Dowsed in Aesthetics
Anna Telcs and the ceremony of fashion.
Anna Telcs inhabits the dual worlds of commercial fashion and art. She’s an assistant editorial stylist for Nordstrom, working behind the scenes on catalogues, photo shoots and the retailer’s website. She has also shown work at the Guggenheim in New York, Lawrimore Project, the Frye Art Museum, and since 2008 she has designed the costumes for the Seattle performance group Implied Violence (now Saint Genet).
Telcs studied industrial design at the University of Washington before moving to New York in 2004, where she was snatched up as a hardware designer for London Fog, and went on to work as a production manager for Thom Browne and as a trim designer for Helmut Lang. When she returned to Seattle four years ago, she taught herself to sew and began working closely with a community of artists whose energy and independence she found invigorating.
Despite her immersion in an emphatically commercial industry, she approaches design with an eye toward its anthropological and spiritual aspects. Telcs’ designs are austere and structural, constructed from weightless flesh-colored materials like gauzy organza or raw wool (still smelling of lanolin). She often manipulates the material with a honeycomb of smocking or other elaborate hand-stitching techniques that have roots in plain cloth quilting—a tradition with which Telcs is obsessed.
Her mother’s family was Mennonite, but Telcs says that isn’t why she’s fascinated with plainclothes fashion. “My father was a young English hippie who got his hands on a Gohn Brothers catalogue at some point in the ’70s,” Telcs says. “He would wear Amish pants with copper buttons that I always loved. As a teenager I was often stealing his clothes!”
Endowing everyday outfits with a feeling of ceremony and uniformity is central to Telcs’ vision. “Working for Thom Browne instilled in me that if you can hold fast to something you like aesthetically, it becomes a uniform,” she says. “You can rely on it. I love that idea.” Her designs tend toward simplicity and a restricted color palette (navys, creams, ivory, beiges, peaches, a little bit of black). Emphasis falls on striking silhouettes with exaggerated shapes.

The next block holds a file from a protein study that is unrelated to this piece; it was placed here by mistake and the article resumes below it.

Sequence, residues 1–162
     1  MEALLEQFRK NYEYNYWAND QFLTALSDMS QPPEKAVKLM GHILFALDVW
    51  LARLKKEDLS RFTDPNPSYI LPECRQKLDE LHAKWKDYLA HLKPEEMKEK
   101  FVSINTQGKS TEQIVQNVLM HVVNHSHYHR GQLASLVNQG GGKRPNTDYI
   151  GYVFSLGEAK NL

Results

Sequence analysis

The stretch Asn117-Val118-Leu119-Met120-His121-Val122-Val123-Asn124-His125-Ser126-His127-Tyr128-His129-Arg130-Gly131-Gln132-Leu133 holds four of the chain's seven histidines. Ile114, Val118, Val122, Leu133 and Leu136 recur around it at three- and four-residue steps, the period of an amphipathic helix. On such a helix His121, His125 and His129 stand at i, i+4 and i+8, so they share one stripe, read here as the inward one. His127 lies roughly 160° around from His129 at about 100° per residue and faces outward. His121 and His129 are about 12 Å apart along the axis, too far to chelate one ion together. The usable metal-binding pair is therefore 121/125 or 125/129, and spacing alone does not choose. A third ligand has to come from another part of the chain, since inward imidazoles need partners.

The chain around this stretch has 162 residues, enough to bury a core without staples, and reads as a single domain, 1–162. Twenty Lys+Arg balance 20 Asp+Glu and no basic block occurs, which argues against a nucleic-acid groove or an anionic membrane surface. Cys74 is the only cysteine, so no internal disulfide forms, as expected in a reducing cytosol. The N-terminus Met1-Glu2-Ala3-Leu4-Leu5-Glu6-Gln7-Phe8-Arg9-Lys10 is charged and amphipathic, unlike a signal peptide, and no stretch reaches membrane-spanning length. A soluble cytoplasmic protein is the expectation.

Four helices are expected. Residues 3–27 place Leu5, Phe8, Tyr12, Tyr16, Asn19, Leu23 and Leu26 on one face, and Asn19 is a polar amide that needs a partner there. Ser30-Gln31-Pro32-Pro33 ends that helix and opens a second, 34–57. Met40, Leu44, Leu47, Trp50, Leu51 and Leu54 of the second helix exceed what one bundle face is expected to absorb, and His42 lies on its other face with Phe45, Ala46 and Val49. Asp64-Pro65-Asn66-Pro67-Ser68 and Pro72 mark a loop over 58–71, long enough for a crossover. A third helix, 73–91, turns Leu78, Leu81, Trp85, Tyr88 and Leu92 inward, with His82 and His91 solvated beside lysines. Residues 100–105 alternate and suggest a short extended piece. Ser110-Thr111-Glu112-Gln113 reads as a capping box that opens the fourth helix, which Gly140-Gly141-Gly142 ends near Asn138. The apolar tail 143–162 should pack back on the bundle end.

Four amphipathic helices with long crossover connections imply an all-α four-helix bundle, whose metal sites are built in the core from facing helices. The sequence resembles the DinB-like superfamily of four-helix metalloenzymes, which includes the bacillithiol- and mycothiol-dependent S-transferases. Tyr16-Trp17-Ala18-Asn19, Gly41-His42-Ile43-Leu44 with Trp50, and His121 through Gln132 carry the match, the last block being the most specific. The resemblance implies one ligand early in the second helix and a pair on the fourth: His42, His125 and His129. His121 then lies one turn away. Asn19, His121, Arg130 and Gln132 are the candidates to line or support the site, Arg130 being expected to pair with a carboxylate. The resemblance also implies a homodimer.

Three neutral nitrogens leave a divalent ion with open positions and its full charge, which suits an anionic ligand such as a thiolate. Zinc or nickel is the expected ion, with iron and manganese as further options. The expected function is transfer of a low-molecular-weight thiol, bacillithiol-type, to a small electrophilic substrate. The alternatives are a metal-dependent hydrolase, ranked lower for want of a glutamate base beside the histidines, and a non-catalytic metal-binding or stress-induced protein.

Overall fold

One of Telcs’ projects, a performance called The Dowsing, was performed in February at the Watermill Center, a performance-oriented residency and workspace on Long Island, and later at the Americas Society in Manhattan. (She was the first person to have a “fashion happening” at the Americas Society since Warhol and Anna Wintour in 1968.) The show blended the theatricality of an old salon-style Dior runway show with ritual performance, like dressing her models in front of the audience. (The models were all male—a rebuttal to the fashion industry’s fetishization of the idealized female form.) Telcs made all the show’s garments by hand during the 20-day residency. A Seattle iteration of The Dowsing is in the works.
“I want to strip away the coolness from fashion and make it accessible, a shared ritual,” Telcs says.
Telcs uses the image of dowsing—a type of divination using a rod or branch to locate groundwater, oil, and buried metals—to describe her intuitive creative process, which resembles a mystical practice, using fashion to find inner experience. Making garments by hand is an integral part of this practice for Telcs.
“I think this is a direction our society is headed right now: a return to ritual beginnings,” she says. “There is such little tactility in the superficial branding of things. Wouldn’t you want clothes that meant something or that were made by someone’s hands?”
Photo by Robin Stein.